The EU’s assembly says it’s concerned about potential security threats posed by Chinese companies, naming Huawei and ZTE.
According to a report by Bloomberg, the Parliament emphasised the Union must ensure 5G is secure and improve the bloc’s cybersecurity in a resolution that specifically mentioned anxieties about embedded back doors in Chinese equipment, which would provide the companies themselves and Chinese authorities access to data and telecoms in the EU.
The resolution also highlighted concerns about possible vulnerabilities in 5G systems in future. It advises European authorities should develop a certification system for 5G equipment to improve security.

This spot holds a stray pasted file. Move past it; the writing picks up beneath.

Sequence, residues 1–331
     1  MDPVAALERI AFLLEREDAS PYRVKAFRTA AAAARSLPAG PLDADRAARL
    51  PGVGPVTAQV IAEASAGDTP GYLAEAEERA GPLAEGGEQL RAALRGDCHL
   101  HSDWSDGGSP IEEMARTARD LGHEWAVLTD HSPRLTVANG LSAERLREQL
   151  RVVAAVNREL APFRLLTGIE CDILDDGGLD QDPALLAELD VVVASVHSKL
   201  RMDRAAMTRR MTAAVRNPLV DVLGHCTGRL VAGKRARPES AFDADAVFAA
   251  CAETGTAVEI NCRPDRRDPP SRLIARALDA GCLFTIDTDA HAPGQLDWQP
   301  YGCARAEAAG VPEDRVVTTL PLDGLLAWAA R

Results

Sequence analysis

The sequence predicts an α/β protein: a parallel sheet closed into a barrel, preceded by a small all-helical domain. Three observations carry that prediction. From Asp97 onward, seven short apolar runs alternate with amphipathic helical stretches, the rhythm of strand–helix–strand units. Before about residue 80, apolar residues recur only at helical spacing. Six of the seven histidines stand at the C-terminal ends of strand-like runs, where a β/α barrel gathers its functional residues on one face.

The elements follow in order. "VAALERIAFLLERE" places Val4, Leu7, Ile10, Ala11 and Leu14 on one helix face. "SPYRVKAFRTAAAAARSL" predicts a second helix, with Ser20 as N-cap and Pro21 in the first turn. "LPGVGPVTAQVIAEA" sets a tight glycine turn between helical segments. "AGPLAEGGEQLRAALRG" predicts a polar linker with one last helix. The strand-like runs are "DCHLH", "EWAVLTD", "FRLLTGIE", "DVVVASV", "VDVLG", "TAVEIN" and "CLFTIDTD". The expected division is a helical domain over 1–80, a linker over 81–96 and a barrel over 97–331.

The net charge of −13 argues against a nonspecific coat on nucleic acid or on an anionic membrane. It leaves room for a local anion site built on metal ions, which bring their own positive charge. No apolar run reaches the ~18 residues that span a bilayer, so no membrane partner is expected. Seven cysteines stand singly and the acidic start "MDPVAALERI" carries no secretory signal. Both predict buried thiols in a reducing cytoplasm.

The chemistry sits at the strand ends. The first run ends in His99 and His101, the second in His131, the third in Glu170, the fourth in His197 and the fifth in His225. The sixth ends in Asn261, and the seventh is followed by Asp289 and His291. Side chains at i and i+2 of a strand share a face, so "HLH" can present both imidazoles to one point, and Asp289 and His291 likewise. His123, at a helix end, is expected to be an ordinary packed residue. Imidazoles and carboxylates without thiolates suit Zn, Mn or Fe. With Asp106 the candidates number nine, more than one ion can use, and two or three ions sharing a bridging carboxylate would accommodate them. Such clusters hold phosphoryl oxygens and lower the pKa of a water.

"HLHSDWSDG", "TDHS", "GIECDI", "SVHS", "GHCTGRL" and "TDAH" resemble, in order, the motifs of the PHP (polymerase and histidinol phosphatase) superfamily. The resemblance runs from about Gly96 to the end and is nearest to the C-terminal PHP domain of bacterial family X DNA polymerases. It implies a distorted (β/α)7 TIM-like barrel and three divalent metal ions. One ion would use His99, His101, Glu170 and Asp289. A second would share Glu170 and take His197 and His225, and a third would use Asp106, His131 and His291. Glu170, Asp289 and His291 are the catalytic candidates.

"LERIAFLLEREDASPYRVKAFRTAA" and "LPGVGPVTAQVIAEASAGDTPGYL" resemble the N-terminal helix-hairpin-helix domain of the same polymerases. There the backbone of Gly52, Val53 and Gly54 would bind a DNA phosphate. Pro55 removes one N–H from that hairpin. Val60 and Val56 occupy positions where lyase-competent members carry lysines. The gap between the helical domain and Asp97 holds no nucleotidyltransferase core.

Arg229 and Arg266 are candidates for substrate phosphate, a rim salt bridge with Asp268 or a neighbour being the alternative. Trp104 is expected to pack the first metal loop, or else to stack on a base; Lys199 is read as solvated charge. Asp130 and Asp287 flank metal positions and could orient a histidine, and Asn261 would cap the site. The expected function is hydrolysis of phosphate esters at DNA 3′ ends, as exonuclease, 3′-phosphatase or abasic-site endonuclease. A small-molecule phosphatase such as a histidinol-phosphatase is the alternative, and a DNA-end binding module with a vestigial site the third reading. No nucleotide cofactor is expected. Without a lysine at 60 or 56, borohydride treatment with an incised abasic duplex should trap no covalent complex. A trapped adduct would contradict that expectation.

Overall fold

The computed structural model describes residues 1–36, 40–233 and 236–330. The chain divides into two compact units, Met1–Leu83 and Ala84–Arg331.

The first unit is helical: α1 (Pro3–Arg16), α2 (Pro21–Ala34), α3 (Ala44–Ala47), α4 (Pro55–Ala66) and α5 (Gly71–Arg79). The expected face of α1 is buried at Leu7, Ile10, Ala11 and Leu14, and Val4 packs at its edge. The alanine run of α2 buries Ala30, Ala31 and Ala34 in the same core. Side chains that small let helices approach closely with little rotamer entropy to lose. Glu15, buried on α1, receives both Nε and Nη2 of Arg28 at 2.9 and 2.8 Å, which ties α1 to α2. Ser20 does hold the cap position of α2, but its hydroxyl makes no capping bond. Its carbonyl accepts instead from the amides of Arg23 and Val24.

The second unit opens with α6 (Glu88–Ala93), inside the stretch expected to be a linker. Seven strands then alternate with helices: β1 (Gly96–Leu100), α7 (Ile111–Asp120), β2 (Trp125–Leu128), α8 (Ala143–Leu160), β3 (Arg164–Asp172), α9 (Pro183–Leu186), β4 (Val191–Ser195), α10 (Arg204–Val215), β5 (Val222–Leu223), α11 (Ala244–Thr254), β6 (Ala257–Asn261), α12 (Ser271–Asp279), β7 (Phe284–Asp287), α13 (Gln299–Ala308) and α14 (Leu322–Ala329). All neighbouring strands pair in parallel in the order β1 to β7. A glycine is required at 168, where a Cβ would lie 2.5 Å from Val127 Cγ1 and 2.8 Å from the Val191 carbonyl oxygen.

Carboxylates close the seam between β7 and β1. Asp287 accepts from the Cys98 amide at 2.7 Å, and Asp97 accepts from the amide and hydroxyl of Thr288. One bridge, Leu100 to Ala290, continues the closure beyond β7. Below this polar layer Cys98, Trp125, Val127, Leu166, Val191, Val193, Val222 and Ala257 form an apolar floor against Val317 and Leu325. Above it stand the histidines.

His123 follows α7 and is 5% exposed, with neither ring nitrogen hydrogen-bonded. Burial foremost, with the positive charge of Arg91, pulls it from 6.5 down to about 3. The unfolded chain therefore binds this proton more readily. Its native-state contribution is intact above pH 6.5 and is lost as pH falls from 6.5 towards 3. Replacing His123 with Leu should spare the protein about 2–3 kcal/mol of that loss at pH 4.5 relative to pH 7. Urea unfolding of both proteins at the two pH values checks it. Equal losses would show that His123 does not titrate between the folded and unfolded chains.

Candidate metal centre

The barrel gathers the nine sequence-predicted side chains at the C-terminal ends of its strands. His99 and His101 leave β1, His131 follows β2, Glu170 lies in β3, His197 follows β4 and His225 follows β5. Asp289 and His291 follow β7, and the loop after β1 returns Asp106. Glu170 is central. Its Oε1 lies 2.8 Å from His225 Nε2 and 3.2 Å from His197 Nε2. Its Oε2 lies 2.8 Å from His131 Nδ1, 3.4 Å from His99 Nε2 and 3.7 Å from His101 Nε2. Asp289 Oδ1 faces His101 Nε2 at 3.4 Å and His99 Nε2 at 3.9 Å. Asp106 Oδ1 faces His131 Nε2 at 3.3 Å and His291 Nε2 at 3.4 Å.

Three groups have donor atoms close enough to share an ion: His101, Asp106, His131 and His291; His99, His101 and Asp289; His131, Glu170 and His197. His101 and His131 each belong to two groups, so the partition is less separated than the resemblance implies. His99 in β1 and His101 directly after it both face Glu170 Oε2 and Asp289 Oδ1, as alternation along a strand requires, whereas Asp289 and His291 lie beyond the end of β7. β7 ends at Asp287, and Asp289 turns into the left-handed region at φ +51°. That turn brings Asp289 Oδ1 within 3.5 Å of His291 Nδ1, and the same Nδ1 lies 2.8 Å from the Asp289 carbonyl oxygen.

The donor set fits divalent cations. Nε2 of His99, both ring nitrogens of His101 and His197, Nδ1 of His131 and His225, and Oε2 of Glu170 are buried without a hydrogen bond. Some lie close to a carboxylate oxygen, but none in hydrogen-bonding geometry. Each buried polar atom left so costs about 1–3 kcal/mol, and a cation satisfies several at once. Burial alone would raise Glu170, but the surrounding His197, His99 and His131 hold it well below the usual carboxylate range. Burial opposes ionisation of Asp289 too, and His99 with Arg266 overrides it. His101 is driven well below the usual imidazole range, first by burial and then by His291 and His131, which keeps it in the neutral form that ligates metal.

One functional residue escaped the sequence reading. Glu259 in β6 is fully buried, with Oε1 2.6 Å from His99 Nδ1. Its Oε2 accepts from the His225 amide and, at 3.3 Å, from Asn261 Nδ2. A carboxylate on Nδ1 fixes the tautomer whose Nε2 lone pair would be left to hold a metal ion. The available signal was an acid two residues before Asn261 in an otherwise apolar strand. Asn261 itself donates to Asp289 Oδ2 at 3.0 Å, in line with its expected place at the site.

The Parliament is yet to respond formally to a report presented in February by the UK security authorities which presents evidence of network infiltration by a Chinese hacker group believed to have links to the state. Authorities in Poland and the Czech Republic have also raised concerns about the potential for espionage by Chinese companies.
A new law passed by the Chinese state in 2017 stipulated that Chinese companies and citizens must support national security activities if requested.
Separately, the European Commission said it will recommend a universal approach to the security of 5G networks to “safeguard against potential serious security implications for critical digital infrastructure”.